BUCKHANNON – A man who shot his neighbor multiple times through a door will be released on home confinement while investigations continue into the circumstances that sparked the Dec. 14 incident on Juniper Lane.
Charles Wolford, 70, of Buckhannon, W.Va., was arrested for malicious wounding on Wednesday, Dec. 14, after allegedly shooting his neighbor, who is also his wife’s nephew, three times through the front door.
Wolford told police that the victim had come to his house for dinner, and afterward returned and began kicking his front door. Wolford then allegedly fired a warning shot from a .45-caliber pistol before shooting three more times at the door, hitting the victim.
He had been given a $75,000 cash-only bail by Upshur County Magistrate Mark Davis, but at Wednesday’s hearing, Wolford’s lawyer, Jamella Lockwood, and prosecuting attorney Bryan Hinkle made a motion to modify Wolford’s bail so he could be put under home confinement. He also waived his right to a speedy probable cause hearing.
The allegations made against Wolford are serious, Hinkle said, noting that the man who was shot is still in the hospital, in a coma.
“From our perspective, and the officer’s perspective, we are not reasonably satisfied that deadly force was justified,” Hinkle said.
Trooper First Class F.J. Turansky with the Buckhannon detachment of the West Virginia State Police is investigating the case.
“They live next to each other, they were having dinner together, and suddenly, something happened, and now [the victim] is in the hospital,” Hinkle said. “Whether deadly force was justified will be a question for a grand jury or a petit jury, but there are questions here in my mind about what happened.”
Hinkle noted that the victim had been involved in previous offenses, including a domestic violence charge and a destruction of property charge involving Wolford’s wife. The domestic violence charge was later dropped, but he was convicted of the destruction of property charge.
The prosecuting attorney said he does not believe Wolford is a danger to the community. He is 70 years old, has no criminal history and is unlikely to be a flight risk, Hinkle noted.
“Ms. Lockwood has agreed to place him on home confinement with an electronic monitoring device,” Hinkle told the court. “There can be no contact whatsoever, direct or indirect, with [the victim].”
Wolford also cannot be within 1,000 feet of the victim’s residence.
“Obviously, this may cause some problems because they are neighbors, but given the severity of what happened, we think it is necessary,” Hinkle said.
Wolford also cannot be around firearms, ammunition or other weapons.
Lockwood said her client understood the rules and restrictions of home confinement.
“Mr. Hinkle has correctly laid out our position, that we think there’s a viable self-defense argument,” Lockwood said. “However, we’re just not ready to present everything today.”
She said Wolford will be living in another location, also in Upshur County, while he is on home confinement.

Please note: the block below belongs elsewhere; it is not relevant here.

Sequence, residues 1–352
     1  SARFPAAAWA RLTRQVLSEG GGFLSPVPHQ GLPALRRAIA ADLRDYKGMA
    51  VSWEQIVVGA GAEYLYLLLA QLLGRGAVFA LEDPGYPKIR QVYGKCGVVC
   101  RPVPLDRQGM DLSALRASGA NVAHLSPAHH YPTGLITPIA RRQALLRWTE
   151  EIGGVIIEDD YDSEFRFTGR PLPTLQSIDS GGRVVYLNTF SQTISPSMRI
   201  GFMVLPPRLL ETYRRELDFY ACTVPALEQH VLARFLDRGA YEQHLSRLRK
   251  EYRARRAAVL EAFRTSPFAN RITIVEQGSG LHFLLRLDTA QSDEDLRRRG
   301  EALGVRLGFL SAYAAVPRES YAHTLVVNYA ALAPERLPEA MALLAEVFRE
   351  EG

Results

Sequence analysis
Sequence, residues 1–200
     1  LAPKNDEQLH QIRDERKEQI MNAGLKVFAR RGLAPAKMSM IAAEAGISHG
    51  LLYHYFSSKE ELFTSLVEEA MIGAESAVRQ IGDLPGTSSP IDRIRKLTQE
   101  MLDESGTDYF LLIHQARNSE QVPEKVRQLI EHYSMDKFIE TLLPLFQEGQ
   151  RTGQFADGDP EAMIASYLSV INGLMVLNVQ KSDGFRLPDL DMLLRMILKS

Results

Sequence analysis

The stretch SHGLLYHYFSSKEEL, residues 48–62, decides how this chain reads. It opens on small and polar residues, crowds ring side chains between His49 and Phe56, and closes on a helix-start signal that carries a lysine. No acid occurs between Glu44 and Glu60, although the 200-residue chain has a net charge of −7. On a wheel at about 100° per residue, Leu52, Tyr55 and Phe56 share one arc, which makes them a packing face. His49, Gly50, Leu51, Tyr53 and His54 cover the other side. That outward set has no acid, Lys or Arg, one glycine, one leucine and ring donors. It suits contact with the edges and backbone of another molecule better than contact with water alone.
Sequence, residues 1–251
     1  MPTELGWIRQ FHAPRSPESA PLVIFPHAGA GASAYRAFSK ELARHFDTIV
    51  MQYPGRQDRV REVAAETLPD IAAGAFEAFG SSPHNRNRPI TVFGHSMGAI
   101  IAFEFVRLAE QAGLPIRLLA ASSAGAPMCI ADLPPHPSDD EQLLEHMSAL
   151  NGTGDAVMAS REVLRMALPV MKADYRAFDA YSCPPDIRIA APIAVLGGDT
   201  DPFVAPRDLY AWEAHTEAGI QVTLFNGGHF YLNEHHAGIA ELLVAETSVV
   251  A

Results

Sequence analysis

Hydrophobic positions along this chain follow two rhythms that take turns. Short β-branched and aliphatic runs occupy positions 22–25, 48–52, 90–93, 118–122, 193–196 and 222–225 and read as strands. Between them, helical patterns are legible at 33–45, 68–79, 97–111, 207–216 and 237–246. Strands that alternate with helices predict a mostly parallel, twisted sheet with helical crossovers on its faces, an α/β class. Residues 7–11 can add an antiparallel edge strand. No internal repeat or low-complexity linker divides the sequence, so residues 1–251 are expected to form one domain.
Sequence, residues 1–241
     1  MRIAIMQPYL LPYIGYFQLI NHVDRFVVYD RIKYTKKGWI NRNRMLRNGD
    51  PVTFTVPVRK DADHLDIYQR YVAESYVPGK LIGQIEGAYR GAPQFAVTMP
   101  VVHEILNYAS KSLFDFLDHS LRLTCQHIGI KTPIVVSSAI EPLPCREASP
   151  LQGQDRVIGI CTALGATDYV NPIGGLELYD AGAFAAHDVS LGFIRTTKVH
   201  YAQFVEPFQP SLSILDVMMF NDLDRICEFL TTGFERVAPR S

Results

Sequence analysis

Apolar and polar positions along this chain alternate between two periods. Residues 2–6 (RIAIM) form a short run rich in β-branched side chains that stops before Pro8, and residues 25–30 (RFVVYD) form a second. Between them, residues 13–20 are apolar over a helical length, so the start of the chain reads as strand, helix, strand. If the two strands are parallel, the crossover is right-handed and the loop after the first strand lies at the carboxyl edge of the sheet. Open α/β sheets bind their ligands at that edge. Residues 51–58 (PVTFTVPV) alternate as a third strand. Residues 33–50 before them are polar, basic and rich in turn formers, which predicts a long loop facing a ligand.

“He understands the necessity of not being at his home, and his wife is going to be living at this home,” she said. “He does take care of his wife — she is on kidney dialysis, and she goes two to three times a week. He is actually not going to be living with family anymore. They found a residence, and it’s actually a trailer they’re going to be moving into, so he would only be living with his wife.”
Lockwood said Wolford does not drink or do drugs, so that will not be a problem.
“In this case, it is appropriate to modify it down,” Lockword said of the bail amount. “He is not a danger to society, he does understand the necessity of answering to these charges, and he understands that we’re still under investigation of what actually occurred for this case.”
Magistrate Alan Suder agreed to modify the $75,000 cash-only bond to $10,000 cash or surety and a $65,000 personal recognizance signature.
The criminal complaint in the Upshur County Magistrate Clerk’s Office offers more details about what allegedly occurred during the incident. According to the file, Turansky was called to a residence on Juniper Lane on Dec. 14, 2022, in reference to a male being shot.
Upon arrival, the officer saw a man lying on the front porch with what appeared to be several gunshot wounds. The victim was still conscious and transported for immediate medical attention.
Turansky then conducted an interview with Wolford, who said he and his wife reside beside the victim, his wife’s nephew. Wolford told police that the victim had come to his house for dinner, and afterward, he went to his residence, while Wolford went to the store.
“After returning home, [the victim] inquired where his wife was,” the complaint says Wolford told officers as part of his statement. “Mr. Wolford advised he did not know and went into his residence. [The victim] later returned and kicked the front door while inquiring where his wife was. [The victim] kicked the door again and the front door windowpane shattered.”
According to the report, Wolford then obtained a 45-caliber pistol and fired a warning shot at the top of the door and said he would shoot the victim.
“[The victim] said he did not care,” the complaint says of Wolford’s statement. “[The victim] moved, so Wolford fired three additional rounds through the door, which did strike [the victim].”
The potential penalty for malicious wounding is confinement in a state correctional facility for not less than two nor more than 10 years.